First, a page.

Divided they fall. Alastair Meeks on the European elections

April 9th, 2019

The 2019 Euro elections – not a contest I thought was going to require a British perspective. Yet here we are, taking at least one more curtain call.

Last time Britain elected MEPs in the following numbers:


Labour 20

Conservatives 19

Green 3


Lib Dems 1

Plaid Cymru 1


Sinn Fein 1


UKIP tallied 26.6% of the vote to take first place on a turnout of just under 36%.

It should be noted that these MEPs have shifted allegiance quite a lot in the intervening period.  Currently Britain’s MEPs are comprised as follows:

Labour 19

Conservative 18

UKIP 7 (one of whom is not part of UKIP’s EU grouping)

Brexit 7

Greens 3


Lib Dems 1


Plaid Cymru 1


Sinn Fein 1


Independents 10 (in at least four different independent groupings)

Vacant 1

No one could accuse these MEPs of bovine party loyalty.This fragmentation of support has implications for the Euro election results this time round. This requires, I’m afraid, a bit of technical detail.

MEPs are elected by multi-member constituencies under what is called the D’Hondt method.  This is often, but incorrectly, described as proportional representation. It is really a repeat first past the post system for parties. So in the North East England constituency last time round Labour got two out of three seats on just 36.5% of the vote. Not, I suggest, very proportional.

How can this happen?  The answer lies in the wasted votes. Let’s take a real live current example.  On Monday a Welsh opinion poll gave the following finding for the Euro elections:

Labour: 30%
Conservative: 16%
Plaid Cymru: 15%
UKIP: 11%
Brexit Party: 10%
Change UK: 8%
Liberal Democrats: 6%
Greens: 5%
Others: 1%

There are four seats at stake in Wales.  Labour would get two, the Conservatives would get one and Plaid Cymru would get one. Although the “others” mount up to 39% of the vote share, more than any individual party, all this shrapnel would all go unrepresented. The three bigger parties would be dealing with a deck of just 61% of the vote between them. The D’Hondt method does not work very well in an increasingly-fragmented political scene.

Note, if either UKIP or the Brexit party can establish itself as the headbangers’ party of choice, they would comfortably get a seat – the votes are there if they are not divided. Similarly, if the Lib Dems and Change UK team up, they will be a gnat’s whisker away from getting a seat even if the polls don’t move.

The effect is most marked in small multi-member constituencies.  South East England has ten MEPs at stake so a party would only need a maximum of 9% to ensure representation and very possibly rather less: the Lib Dems got one last time on 8% of the vote.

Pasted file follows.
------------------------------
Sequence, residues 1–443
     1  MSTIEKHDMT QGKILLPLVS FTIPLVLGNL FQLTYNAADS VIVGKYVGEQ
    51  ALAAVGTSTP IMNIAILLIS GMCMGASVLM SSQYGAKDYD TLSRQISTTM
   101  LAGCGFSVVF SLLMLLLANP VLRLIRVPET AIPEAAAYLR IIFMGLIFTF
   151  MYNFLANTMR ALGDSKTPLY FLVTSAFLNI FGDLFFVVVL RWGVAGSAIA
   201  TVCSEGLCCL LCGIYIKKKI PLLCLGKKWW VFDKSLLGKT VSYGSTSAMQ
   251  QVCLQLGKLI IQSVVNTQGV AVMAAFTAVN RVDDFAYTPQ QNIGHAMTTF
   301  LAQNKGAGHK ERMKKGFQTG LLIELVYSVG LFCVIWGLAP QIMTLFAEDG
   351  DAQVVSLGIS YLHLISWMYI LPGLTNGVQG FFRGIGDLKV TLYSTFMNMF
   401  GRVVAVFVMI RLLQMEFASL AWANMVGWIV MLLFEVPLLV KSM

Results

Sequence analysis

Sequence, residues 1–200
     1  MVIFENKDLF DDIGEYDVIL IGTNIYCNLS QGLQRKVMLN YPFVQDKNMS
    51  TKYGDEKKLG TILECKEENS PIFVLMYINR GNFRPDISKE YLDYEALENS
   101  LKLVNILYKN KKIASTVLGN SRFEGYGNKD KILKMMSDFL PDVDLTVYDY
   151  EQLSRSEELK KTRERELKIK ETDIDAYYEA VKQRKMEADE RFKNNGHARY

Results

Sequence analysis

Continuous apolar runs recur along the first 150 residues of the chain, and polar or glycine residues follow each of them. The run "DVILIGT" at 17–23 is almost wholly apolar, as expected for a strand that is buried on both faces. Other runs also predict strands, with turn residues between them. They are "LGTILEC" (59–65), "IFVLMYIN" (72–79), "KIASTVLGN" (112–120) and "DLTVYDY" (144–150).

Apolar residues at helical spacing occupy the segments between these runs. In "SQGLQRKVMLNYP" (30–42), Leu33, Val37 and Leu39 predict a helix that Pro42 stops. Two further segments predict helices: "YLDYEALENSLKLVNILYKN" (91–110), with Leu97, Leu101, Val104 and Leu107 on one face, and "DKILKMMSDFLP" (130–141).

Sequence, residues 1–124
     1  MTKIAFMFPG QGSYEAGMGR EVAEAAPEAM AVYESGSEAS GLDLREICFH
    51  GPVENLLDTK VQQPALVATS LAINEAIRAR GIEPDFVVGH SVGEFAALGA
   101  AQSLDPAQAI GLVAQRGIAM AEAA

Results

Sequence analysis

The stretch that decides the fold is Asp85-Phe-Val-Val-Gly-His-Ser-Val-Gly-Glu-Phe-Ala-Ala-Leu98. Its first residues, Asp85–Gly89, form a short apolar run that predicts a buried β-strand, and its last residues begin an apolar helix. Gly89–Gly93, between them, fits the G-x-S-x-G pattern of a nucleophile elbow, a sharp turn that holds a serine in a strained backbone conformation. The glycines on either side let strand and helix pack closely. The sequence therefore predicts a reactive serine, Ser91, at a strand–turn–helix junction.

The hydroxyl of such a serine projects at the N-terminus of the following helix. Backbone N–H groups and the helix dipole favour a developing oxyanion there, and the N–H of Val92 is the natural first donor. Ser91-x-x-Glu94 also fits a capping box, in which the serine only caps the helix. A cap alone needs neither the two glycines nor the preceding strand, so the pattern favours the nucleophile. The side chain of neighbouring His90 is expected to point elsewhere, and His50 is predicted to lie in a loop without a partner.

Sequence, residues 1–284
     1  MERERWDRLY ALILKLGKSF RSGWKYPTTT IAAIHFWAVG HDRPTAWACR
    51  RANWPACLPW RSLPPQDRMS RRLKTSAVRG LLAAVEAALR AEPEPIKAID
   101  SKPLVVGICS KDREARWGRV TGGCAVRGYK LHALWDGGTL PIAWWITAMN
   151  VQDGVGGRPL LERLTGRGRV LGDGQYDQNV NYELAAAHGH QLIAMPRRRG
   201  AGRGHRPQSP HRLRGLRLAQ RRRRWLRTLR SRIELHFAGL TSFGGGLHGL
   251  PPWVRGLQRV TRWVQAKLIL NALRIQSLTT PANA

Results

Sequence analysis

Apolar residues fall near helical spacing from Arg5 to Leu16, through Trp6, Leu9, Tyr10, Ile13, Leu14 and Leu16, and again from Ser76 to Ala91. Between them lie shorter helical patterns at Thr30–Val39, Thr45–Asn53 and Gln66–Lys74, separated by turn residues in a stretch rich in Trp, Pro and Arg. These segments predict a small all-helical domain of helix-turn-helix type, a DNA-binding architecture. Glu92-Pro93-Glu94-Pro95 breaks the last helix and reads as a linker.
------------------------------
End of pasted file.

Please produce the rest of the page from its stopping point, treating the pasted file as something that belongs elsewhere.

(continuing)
If the Welsh poll were replicated in South East England (yes, I know, but bear with me), Labour would get three or four seats, the Conservatives would get two seats, Plaid would get one or two seats, UKIP would get one seat, Brexit would get one seat and Change would get one seat.  This looks more proportional. Even so, if UKIP and Brexit united and Change and the Lib Dems united, each grouping would be in with a real shout of an extra seat if the mood moved in their respective directions, as each grouping might reasonably hope.

What this means is that all the small pro and anti-Brexit parties have a hard decision to make.  Do they stick to their principles and in all likelihood see their cause suffer in the seat count? Or do they seek to unite under a broad front with the aim of winning more seats but at the expense of purity of principle?  I expect for now they’ll choose purity over electoral success.

This election, of course, looks set to be all about Brexit which in turn implies that both pro and anti-Brexit parties will do better than polling currently suggests (and if there is a boycott, it is likely to be by annoyed Conservative Leavers rather than those who want to send a message through one of the militant pro-Leave parties).  

But if you’re thinking about the seat count, be aware that the maths favours bigger parties more than you would expect from a proportional system, particularly those that are stronger in the smaller constituencies.This gives Labour a small but significant advantage. Unless the smaller parties get their act together, they could easily overperform in the seat count.

Alastair Meeks